Seattle Artists Satpreet Kahlon and Matthew Offenbacher launched New Archives, their new journal of critical arts writing for the Pacific Northwest art scene on March 1st. A few hours later, Seattle announced the second COVID-19 death in the United States, just a few miles away. Shortly after that Kahlon was among the first waves of infected, and their newborn project had to be put on hiatus almost before it existed
Trapped home alone in isolation with only her personal art collection for company, Kahlon had a new idea for their journal.
“I’ve been wondering,” she wrote in the first New Archive’s post after its hiatus, “what art you’ve been looking at. Morning after morning, long solitary day after long solitary day. What piece catches your eye when you wake up, or wait for your coffee to be ready — what piece in the background do folks ask about in your Zoom meetings? ”
That May post was an open call for submissions, seeking a public response. “The subject should just be an artwork (defined very, very loosely) you have been sharing your quarantine time with,” said the website. Submissions would be posted in the new New Archives as their revised content plan: The Art at Home series.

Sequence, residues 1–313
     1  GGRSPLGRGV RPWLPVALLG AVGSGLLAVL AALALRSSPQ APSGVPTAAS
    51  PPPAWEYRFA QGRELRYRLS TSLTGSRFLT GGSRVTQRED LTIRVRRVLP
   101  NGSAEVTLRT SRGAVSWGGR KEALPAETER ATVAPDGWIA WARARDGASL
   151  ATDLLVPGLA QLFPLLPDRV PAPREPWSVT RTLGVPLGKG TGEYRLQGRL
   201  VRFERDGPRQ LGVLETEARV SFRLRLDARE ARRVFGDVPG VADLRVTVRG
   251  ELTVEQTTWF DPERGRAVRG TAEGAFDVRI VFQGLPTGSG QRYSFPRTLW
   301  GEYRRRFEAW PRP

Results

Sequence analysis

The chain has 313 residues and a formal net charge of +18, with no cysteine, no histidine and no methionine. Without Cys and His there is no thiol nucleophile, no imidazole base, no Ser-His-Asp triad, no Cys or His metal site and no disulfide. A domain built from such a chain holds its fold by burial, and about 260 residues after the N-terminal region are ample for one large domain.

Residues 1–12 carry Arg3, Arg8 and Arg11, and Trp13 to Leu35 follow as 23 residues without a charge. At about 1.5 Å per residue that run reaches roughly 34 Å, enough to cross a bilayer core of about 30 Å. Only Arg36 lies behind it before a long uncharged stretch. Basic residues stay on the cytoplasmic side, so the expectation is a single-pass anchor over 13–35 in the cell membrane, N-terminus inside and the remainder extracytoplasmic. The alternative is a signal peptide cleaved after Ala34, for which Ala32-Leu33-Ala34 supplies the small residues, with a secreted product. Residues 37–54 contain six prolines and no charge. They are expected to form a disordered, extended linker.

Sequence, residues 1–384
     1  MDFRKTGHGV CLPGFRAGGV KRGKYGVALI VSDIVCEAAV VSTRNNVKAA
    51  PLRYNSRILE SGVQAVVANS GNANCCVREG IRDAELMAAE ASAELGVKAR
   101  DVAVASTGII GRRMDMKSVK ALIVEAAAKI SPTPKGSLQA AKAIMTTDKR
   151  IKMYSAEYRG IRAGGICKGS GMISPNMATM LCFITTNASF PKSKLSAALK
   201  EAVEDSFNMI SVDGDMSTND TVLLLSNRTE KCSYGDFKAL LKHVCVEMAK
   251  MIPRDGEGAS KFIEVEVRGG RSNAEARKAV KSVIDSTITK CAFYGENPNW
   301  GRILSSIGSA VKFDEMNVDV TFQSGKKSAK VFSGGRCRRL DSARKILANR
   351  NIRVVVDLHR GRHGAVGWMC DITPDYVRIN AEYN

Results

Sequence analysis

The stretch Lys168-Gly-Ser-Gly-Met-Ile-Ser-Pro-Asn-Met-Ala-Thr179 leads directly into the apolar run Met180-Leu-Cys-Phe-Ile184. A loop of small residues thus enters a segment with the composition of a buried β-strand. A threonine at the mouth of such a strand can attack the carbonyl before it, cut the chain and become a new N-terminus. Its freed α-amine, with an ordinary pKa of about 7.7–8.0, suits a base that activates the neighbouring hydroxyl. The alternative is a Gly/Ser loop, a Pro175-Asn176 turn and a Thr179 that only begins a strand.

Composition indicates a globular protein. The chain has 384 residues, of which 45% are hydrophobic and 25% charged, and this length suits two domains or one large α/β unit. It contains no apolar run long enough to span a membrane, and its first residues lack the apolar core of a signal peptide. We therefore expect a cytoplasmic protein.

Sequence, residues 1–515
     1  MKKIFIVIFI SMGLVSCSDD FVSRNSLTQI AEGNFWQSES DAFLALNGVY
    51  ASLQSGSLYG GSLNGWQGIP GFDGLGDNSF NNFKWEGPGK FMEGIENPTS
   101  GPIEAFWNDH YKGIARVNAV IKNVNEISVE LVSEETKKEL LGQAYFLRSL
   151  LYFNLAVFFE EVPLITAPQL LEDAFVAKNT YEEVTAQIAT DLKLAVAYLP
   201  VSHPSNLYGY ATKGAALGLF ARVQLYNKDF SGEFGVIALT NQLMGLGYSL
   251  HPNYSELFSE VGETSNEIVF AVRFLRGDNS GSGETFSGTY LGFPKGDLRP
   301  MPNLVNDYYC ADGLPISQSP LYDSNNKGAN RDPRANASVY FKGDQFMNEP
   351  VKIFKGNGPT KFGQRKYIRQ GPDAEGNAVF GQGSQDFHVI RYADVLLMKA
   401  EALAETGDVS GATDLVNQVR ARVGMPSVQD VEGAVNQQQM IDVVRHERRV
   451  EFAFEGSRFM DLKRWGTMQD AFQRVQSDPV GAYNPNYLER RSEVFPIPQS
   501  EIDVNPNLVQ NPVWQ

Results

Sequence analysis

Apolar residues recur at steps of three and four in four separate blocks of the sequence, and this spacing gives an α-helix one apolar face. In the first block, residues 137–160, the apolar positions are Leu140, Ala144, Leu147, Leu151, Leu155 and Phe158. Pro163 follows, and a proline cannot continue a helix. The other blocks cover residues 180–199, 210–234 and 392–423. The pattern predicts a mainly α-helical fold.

Recent entries come from every walk of life. Beleszove Wildish Josivu Foldlanya wrote about a crumpled cross-stitch she found while she was homeless, and how much it means to her that she has a wall now to hang it on. Tom Eykemans, co-founder of the Seattle Art Book Fair wrote about a tiny weather painting he bought from a University of Washington art student.
Kahlon is still seeking submissions, posting two to three a week, and is also looking for columnists speaking about equity in the art world.
We are all at home, these days. And the things we surround ourselves with now will hold new connotations for the rest of our lives. Speak to that, and share it.